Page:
Later, there’s the story about a girl who lost on the game show “German…Or Else!” and had to be sent to a re-education camp to learn German. When she came out, she absolutely loved the language and considered losing the game show one of the greatest moments of her life. Another pickup was a review for a book about an alternate history where the Allies won the war and “the last of the Aryans” had to fight back against “a society ruled by Jews, homosexuals and other degenerates.”
Little details like these really shook me. They were so realistic. It’s really frightening to see that, if we did lose the war, maybe it wouldn’t be so hard for the Nazi’s to take over. Many ex-Americans would just roll over and let it happen.
Well, maybe not so easy. B.J Blazkowicz is not about to roll over, no matter how many near-death experiences he may face. You play as a Nazi-hating, gun-toting Jew, once again. And it feels just as good as it did in The New Order. The shooting and stealth remain unchanged. However, I did feel the game was either much harder, I was much weaker, or I’m just getting bad at videogames. I started the game on third level of difficulty (out of seven) which claims to be a “medium difficulty setting for the experienced gamer.” But I found myself dying repeatedly thanks to enemies I couldn’t see.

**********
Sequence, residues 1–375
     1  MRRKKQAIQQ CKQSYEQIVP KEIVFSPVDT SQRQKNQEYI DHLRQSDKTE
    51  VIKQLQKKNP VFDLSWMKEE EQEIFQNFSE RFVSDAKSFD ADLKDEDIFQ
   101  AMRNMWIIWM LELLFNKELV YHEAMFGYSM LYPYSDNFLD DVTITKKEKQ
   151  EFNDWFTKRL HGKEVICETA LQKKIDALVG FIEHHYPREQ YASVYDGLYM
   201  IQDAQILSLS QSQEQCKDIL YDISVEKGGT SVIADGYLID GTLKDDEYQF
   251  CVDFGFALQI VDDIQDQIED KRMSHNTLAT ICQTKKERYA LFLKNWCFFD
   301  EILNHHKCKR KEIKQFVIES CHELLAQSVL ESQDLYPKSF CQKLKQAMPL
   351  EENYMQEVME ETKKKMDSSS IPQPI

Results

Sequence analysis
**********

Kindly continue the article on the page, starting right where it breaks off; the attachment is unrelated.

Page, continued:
I knocked it down to the second difficulty level hoping for some more balance. Yet was still dying from relatively little gunfire during most encounters. I eventually swallowed my pride and went to down to the lowest difficulty setting. But then found that way too easy. So I pretty much played the game switching between the bottom two difficulties depending on each encounter. I appreciate having the ability to change difficulty right from the settings in the middle of the firefight without having to restart the mission, but I would’ve enjoyed a more balanced experience.